pcassuto | 01 mai, 2011 17:38

http://www.iau-aiu.net/images/iau-en-e-small.gifThe outcomes of the IAU pilot project on Access and Success in Higher Education for Students from Under-Represented Groups are now available online.  They include a comparative review of access and success programs in several pilot universities and the report of the workshop held at the University of Arizona, USA, in November 2010 in collaboration with the University, the World Bank and Lumina Foundation.
Equity in Tertiary Education: a Global Challenge
Jamil Salmi, Tertiary Education Coordinator at The World Bank made a presentation entitled Equity in Tertiary Education: a Global Challenge, prepared jointly with Roberta Malee Bassett, Tertiary Education specialist at The World Bank. He started his presentation with the example of Maria, a six‐year‐old girl living in rural Panama: “Maria has four brothers and sisters, and her mother is an illiterate widow who earns about $180 per month as a subsistence farmer. What are Maria’s chances of becoming a prominent lawyer or a university professor? Not very high, and certainly a lot lower than those of a six‐year‐old boy growing up in Panama City with two parents in his home, both with a secondary education and a good income, and only one sibling. All over the developing world, many people face difficult odds of achieving economic and social success, just like Maria… Equality of opportunity is about giving Maria and all other children in the world the same chance to be successful in life.”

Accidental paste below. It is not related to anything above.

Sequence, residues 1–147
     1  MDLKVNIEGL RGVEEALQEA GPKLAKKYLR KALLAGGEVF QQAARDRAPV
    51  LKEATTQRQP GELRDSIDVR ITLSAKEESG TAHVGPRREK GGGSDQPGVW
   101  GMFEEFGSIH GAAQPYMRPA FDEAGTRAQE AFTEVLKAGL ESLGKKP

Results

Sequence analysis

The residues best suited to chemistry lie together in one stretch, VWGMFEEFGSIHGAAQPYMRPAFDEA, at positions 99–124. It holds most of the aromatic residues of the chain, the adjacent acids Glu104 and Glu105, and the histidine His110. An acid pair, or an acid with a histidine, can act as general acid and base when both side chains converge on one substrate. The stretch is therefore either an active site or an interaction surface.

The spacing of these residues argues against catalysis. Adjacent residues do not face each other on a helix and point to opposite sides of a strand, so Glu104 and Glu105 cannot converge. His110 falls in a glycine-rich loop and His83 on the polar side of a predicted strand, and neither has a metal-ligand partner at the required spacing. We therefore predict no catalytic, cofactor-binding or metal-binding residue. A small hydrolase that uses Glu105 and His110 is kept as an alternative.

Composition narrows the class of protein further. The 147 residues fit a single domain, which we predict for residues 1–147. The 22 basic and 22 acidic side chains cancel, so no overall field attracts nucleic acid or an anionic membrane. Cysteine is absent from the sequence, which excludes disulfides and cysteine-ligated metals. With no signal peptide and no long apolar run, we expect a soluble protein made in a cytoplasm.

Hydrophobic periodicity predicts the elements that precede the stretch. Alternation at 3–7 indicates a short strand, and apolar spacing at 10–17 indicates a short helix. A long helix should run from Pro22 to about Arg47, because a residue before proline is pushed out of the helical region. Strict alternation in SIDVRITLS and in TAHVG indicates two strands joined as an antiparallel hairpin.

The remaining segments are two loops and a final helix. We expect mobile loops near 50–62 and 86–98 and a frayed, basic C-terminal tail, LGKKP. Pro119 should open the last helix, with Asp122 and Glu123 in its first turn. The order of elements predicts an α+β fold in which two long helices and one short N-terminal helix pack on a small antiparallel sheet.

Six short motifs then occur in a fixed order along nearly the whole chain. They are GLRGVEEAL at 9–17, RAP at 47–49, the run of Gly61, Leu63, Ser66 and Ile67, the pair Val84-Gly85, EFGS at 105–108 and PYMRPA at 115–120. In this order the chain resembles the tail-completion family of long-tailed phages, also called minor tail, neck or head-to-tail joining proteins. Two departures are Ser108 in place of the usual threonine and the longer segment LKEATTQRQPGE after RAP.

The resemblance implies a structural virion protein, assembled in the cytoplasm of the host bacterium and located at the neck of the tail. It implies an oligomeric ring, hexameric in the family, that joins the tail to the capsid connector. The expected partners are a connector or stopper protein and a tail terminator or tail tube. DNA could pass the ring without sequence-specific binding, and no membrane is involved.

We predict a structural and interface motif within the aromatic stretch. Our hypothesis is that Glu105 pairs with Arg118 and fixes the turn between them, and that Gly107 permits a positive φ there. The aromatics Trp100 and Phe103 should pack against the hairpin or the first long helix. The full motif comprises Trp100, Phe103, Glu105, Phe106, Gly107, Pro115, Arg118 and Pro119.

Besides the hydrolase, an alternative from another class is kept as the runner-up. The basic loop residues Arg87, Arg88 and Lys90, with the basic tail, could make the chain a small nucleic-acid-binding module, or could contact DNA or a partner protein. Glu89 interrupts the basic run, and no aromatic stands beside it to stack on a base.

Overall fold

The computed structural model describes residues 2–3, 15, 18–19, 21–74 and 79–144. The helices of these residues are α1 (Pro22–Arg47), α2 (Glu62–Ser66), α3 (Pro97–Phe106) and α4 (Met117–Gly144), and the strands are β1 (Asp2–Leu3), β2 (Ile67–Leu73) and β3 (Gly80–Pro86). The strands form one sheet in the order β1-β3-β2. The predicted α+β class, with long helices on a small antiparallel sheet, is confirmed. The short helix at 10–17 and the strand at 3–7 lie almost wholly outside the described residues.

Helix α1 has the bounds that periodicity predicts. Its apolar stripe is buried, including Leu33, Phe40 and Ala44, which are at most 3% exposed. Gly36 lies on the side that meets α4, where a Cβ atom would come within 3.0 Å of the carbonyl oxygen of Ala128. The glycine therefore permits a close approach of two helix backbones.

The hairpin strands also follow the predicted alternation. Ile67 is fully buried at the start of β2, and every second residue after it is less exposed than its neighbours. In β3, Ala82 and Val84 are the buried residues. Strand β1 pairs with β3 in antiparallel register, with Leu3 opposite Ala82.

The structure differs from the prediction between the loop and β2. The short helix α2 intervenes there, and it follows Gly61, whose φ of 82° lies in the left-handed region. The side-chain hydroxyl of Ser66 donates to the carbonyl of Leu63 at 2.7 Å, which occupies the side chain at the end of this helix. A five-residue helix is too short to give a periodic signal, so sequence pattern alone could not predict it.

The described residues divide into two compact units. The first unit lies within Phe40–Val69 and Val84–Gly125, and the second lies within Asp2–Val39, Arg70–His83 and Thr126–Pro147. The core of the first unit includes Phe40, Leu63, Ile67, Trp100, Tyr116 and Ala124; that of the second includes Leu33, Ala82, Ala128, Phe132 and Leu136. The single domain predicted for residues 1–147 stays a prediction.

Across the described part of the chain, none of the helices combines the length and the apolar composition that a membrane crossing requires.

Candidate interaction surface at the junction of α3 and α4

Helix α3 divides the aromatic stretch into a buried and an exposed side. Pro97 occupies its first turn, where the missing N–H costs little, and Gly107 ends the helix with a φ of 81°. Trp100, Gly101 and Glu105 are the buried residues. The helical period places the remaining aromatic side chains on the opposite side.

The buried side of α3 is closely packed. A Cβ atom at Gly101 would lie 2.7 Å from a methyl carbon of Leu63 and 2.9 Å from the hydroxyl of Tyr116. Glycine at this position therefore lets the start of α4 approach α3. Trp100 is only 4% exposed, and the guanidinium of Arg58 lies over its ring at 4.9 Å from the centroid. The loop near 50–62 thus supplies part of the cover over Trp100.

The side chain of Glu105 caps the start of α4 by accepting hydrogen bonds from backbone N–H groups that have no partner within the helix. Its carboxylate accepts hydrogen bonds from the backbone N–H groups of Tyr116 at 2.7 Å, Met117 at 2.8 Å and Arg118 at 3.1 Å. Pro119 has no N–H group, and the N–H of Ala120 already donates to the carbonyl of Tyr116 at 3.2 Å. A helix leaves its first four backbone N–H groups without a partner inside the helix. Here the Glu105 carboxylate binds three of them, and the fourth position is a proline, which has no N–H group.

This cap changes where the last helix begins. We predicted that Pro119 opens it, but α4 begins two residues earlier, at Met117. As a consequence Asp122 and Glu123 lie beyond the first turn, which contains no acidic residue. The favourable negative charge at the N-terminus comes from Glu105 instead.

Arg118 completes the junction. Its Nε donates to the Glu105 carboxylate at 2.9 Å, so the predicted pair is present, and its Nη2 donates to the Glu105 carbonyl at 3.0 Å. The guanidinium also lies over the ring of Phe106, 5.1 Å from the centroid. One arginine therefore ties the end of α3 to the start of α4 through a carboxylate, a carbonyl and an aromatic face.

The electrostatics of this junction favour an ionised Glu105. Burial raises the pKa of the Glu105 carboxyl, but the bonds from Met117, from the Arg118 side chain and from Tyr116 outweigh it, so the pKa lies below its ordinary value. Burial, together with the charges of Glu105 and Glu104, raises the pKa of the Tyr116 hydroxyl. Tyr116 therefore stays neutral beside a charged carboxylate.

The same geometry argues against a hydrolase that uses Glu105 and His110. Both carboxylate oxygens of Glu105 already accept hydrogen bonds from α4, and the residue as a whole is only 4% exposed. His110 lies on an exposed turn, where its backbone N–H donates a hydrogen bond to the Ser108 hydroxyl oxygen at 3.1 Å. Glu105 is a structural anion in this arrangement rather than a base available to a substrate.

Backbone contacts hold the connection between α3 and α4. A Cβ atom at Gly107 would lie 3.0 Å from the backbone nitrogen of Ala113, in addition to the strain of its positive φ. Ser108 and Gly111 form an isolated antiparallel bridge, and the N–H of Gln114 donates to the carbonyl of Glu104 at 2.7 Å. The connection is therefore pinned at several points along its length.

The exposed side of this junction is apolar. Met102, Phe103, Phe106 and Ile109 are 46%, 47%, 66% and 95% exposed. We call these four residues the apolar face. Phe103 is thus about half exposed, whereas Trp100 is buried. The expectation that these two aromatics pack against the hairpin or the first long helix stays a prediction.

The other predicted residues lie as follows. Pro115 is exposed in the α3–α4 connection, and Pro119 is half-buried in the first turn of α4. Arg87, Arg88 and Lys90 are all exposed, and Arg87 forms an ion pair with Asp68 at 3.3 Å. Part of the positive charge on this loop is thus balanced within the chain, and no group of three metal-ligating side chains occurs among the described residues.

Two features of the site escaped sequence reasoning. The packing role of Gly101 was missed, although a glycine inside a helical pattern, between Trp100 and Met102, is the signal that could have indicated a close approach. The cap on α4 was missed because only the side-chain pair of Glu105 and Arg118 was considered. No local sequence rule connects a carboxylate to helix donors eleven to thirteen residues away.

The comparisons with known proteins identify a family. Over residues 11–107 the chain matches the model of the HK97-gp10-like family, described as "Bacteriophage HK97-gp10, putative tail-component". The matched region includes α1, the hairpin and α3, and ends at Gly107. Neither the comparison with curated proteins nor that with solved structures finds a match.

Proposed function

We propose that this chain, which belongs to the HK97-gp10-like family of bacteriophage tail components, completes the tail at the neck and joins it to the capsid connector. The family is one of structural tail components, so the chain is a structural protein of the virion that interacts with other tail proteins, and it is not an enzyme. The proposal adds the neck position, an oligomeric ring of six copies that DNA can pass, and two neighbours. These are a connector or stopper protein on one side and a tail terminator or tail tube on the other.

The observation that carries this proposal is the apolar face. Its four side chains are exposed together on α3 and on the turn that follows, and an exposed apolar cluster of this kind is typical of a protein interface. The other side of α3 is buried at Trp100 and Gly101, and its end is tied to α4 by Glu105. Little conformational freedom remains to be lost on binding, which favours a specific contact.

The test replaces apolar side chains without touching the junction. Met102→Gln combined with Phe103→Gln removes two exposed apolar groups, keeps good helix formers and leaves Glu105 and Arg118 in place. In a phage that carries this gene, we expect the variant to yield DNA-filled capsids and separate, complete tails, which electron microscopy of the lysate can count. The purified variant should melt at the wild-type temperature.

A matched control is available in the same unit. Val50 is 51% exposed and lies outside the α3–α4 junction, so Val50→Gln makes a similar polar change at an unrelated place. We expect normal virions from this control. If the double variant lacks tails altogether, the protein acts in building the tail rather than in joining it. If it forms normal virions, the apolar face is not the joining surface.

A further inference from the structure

What next? Suggestions for specific actions to undertake

For the IAU, designing a self‐assessment instrument and using 10 pilot universities to implement it and discuss the results in a workshop setting was a second step (following the drafting and adoption of the Policy Statement). So for the Association, it was essential to obtain feedback with regard to the validity of the self‐assessment instrument, how it could be improved, how widely it might be applied and, most importantly, what service(s) IAU could offer in the future (if financial support was found).
The self‐assessment tool needs to be improved in several aspects. Most notably, better formulation of questions concerning the context is required. In this regards, the statistical data provided by The World Bank is very useful (please see: http://data.worldbank.org/topic/education). More work and input is needed to focus and frame key questions that would collect information about official government policies and programs with impact on issues equity and access, overall educational system and admission procedures, demographic data broken down by age, SES, gender, race, ethnicity or language groups, and information about other factors such as general graduate employment rates and, if possible, data disaggregated by target group, etc.
Evaluating the Self-assessment Instrument

Using a standardized questionnaire and approach to learn more about a given area of activity, and/or to assist universities in assessing their own policies and practices in order to improve them, is also worth evaluating as a methodology for further work in this area (promoting and improving the provision of equitable access and success or other areas of higher education policy). So the second issue of importance for IAU in this project, was to learn the extent to which the tool developed to gather the information for this report, can serve effectively inside a single institution and across institutions in different parts of the world.